National Security at the United Nations This Week (June 26-July 2)

(Editor’s Note: This is the latest in Just Security’s weekly series keeping readers up to date on developments at the United Nations at the intersection of national security, human rights, and the rule of law.)

Rights Commissioner Echoes Calls for Israel to Abandon Annexation Plans

Israeli Prime Minister Benjamin Netanyahu previously announced plans to annex portions of the occupied West Bank as soon as July 1. On that date, an Israeli government official signaled delay in the execution of the plan, upon which the Israeli government has not yet acted. United Nations High Commissioner for Human Rights Michelle Bachelet said June 29 “the precise consequences of annexation cannot be predicted … but they are likely to be disastrous for the Palestinians, for Israel itself, and for the wider region.” Bachelet expressed full support for the Secretary-General’s earlier call for Israel to abandon the plan. English Prime Minister Boris Johnson and French Foreign Minister Jean-Yves Le Drian, among many others, have voiced their opposition to the proposed annexations.

Security Council Adopts Resolution Calling for Global Ceasefire

The 15-member security council unanimously voted on July 1 to adopt resolution 2532 (2020) (to be made available here once released). The resolution calls for the cessation of hostilities globally for at least 90 days, although this excludes military operations combatting Security Council-designated terrorist organizations, like ISIL. The resolution provides the council’s backing to U.N. Secretary-General António Guterres’s initial call, made in March, for a global ceasefire. Guterres welcomed the resolution, saying that it “will send an important signal to conflict parties and may help change calculations on the ground,” and urging states “to redouble their efforts for peace.”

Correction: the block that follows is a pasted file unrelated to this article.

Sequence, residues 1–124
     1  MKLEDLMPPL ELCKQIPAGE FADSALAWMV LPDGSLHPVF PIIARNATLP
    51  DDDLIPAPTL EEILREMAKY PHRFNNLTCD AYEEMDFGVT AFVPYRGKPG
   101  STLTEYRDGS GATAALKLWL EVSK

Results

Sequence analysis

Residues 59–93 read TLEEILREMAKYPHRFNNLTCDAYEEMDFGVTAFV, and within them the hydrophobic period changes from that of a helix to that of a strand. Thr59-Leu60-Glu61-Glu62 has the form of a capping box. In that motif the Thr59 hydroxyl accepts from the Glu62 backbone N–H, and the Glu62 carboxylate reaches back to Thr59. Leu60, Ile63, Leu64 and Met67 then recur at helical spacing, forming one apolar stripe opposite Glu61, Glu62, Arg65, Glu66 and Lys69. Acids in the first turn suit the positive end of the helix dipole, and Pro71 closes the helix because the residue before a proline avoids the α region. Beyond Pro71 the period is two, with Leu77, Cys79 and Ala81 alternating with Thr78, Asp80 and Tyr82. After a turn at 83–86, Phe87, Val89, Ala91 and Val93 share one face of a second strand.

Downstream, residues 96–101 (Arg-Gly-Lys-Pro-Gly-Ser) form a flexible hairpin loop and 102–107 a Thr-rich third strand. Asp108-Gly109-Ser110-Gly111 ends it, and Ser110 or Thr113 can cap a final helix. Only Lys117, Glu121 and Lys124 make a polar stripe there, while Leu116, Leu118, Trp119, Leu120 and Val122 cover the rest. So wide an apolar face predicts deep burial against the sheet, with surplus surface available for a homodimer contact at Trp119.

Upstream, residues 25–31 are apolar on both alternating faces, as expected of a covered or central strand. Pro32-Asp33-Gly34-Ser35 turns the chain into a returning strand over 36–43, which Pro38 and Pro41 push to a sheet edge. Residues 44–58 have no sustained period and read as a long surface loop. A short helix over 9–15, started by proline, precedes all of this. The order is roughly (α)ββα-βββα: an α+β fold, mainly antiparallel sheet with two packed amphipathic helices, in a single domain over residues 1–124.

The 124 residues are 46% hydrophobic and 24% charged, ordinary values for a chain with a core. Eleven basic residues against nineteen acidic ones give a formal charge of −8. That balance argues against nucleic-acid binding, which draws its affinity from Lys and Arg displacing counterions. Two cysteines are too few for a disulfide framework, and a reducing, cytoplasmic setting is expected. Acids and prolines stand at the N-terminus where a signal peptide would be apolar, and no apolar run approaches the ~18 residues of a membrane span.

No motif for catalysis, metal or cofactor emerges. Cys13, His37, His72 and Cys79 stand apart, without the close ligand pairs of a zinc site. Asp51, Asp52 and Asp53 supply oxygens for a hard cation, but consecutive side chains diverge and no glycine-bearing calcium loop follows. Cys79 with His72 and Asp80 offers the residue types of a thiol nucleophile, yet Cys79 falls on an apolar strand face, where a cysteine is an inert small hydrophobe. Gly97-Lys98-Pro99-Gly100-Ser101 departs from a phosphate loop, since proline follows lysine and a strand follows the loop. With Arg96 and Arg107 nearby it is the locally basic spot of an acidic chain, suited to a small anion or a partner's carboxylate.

UN Labor Chief Warns Pandemic’s Impact on Jobs Worse than Expected

International Labour Organization (ILO) Director-General Guy Ryder said on June 30 that “there is not going to be a simple or quick recovery” from the economic effects of the coronavirus pandemic. His comments coincided with the release of the fifth edition of the ILO Monitor: COVID-19 and the world of work. The monitor data shows that, in the second quarter of 2020, working hours fell 14 percent globally, equivalent to the loss of 400 million full-time jobs. The ILO set out three possible recovery scenarios, but none of these predict the global job situation will reach pre-pandemic strength in the next six months. Ahead of the upcoming Global Summit on COVID-19 and the World of Work, Ryder urged governments to create a “better normal,” which includes addressing women’s persistent inequalities and vulnerabilities in the workplace.

UN Experts Call for Action to Protect Fundamental Freedoms in China

On June 30, the Chinese government imposed a new security law on Hong Kong that aims to corral the city’s recent sweeping protests. U.N. experts had previously called on the Chinese government to heed its international obligations and withdraw the law on June 26. The experts also raised concerns about other pressing human rights issues in China, including the repression of minority religious and ethnic groups, particularly in Xinjiang and Tibet, and the detention and disappearance of lawyers and activists. With an eye to these concerns, the experts “call on the international community to act collectively and decisively to ensure China respects human rights and abides by its international obligations.”

(Editor’s Note: Readers interested in the relationship between Hong Kong and China may want to read recent Just Security articles by David Kaye, Alvin Y.H. Cheung, and Martin Flaherty.)

Human Rights Council Discusses Human Rights Violations in Myanmar